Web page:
Current Policy Priority
Reducing Hereditary Cancer Act of 2021 - H.R. 4110
Click the below link for the May 26th
Community/Stakeholder Advocacy Briefing recording
Under the existing Medicare guidelines, only a person with “signs, symptoms, complaints, or personal histories of disease” meets the criteria for coverage of medical services. Recognizing the value of cancer prevention and early detection, in recent years Congress has passed legislation allowing for coverage of cancer screenings (e.g., mammograms, colonoscopies and PSA tests) for the “average risk” population, and specific screenings (e.g. colonoscopies every 2 years) for some people considered high-risk. Unfortunately, many screenings and interventions needed by individuals at high risk of cancer are not covered.
Medicare covers genetic testing only for beneficiaries already diagnosed with cancer (regardless of family cancer history or a known genetic mutation in the family). If someone without cancer (a previvor) learns they have one of these mutations prior to Medicare eligibility, or they pay out of pocket for genetic testing and find that they carry a hereditary cancer mutation while on Medicare, coverage of many medically necessary, guidelines-recommended cancer screenings or risk-reducing surgeries is legally prohibited.
With the availability of low-cost genetic testing, a growing number of Medicare beneficiaries are learning that they have an inherited cancer-causing mutation but they aren’t able to access the health services they need to prevent or catch cancer earlier, when it is less invasive and more easily treated. As a result, they face a dilemma: forgo the expert-recommended screenings and interventions or shoulder the cost for tests, such as annual breast MRIs, or risk-reducing surgeries.
Importantly, most people with private insurance do not face the same obstacle. We must prioritize screening, early detection and prevention in all communities and age groups—and focus on policies that reduce barriers for vulnerable populations.
Introduced in the House of Representatives on June 23 (Senate introduction forthcoming), FORCE is spearheading the Reducing Hereditary Cancer Act. This legislation aims to modify the Medicare statutes to remedy the issues with coverage of potentially life-saving genetic testing, screening and risk-reducing interventions. As recommended by National Comprehensive Cancer Network (NCCN) or similar medical guidelines, it will enable coverage of:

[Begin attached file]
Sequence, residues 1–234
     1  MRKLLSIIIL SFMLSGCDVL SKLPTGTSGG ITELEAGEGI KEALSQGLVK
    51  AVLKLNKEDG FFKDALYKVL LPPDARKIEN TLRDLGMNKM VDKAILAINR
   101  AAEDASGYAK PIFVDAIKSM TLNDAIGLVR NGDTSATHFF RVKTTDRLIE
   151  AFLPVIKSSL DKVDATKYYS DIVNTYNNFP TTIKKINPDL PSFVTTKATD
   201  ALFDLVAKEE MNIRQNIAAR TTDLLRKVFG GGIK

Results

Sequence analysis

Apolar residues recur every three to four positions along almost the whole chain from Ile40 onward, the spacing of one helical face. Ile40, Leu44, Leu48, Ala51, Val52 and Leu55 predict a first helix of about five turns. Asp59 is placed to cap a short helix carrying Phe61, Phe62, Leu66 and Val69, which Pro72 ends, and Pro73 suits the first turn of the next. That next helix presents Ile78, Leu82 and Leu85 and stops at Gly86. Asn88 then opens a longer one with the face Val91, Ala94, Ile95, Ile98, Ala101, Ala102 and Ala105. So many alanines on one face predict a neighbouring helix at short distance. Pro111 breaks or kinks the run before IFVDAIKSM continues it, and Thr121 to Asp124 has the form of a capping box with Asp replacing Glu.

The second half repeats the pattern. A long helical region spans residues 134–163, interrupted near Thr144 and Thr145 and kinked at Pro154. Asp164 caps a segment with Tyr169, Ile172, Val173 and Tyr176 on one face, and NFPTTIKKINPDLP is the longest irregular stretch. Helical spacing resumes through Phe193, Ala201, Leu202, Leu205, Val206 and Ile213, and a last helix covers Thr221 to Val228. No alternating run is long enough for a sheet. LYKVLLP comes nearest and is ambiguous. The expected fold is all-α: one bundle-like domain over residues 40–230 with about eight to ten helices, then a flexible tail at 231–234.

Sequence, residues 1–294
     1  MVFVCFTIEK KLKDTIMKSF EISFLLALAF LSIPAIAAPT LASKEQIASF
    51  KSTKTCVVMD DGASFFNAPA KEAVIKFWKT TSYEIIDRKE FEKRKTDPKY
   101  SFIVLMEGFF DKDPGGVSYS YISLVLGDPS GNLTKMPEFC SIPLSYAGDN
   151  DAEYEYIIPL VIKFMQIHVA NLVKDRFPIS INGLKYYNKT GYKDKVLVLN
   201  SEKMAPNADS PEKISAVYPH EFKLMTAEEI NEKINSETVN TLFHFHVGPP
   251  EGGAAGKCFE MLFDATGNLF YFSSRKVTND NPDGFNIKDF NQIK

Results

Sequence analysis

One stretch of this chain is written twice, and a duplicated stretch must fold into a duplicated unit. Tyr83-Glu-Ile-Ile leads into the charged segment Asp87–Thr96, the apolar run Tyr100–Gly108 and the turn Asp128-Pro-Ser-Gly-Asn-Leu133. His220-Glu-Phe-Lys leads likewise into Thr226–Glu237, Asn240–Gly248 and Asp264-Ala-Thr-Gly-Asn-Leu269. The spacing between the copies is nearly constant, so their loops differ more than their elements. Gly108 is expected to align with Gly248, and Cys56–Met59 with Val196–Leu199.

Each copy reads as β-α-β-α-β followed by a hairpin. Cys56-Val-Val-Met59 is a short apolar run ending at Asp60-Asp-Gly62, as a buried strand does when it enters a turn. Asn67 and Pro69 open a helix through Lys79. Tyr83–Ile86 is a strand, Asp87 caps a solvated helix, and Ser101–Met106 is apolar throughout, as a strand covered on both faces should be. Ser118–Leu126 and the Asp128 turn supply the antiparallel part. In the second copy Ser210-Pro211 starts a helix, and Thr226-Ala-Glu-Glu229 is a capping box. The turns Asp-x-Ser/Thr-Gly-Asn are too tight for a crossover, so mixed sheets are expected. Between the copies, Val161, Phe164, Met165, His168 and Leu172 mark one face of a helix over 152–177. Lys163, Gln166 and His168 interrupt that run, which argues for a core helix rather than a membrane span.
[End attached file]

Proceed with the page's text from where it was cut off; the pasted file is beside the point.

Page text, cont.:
- Genetic testing for inherited mutations associated with increased risk of cancer for Medicare beneficiaries with a family history of a hereditary cancer gene mutation or a personal or family history suspicious for hereditary cancer
For Medicare beneficiaries who have an inherited genetic mutation causing an increased risk of cancer, the law will enable coverage of guideline-recommended:
- Increased cancer screenings (e.g. breast MRI, upper endoscopy)
- Risk-reducing surgeries (e.g. removal of ovaries and fallopian tubes)
Stay tuned for more information and an opportunity to ask your elected representatives to support this important legislation!
7/1/2021 - Effective today, North Carolina's Medicaid program will cover genetic counseling and BRCA mutation testing for those who have "higher than average risk" for the development of certain cancers based on specific personal and/or family history of the disease.
6/30/2021 - FORCE added its support to a letter sent to Senate HELP Committee leadership urging the prioritization of diagnostics reform on behalf of the In-vitro Diagnostics (IVD) Reform Coalition and the communities it represents.
5/21/2021 - Joined the Defense Health Research Consortium in a letter asking House and Senate leadership to continue support for the defense health research programs funded through the Department of Defense (DoD) Congressionally Directed Medical Research Programs (CDMRP).